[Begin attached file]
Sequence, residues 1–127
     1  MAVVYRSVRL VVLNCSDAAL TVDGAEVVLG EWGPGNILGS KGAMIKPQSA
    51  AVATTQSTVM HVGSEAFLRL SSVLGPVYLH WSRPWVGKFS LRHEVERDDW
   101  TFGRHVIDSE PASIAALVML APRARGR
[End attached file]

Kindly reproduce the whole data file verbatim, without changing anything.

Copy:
Sequence, residues 1–127
     1  MAVVYRSVRL VVLNCSDAAL TVDGAEVVLG EWGPGNILGS KGAMIKPQSA
    51  AVATTQSTVM HVGSEAFLRL SSVLGPVYLH WSRPWVGKFS LRHEVERDDW
   101  TFGRHVIDSE PASIAALVML APRARGR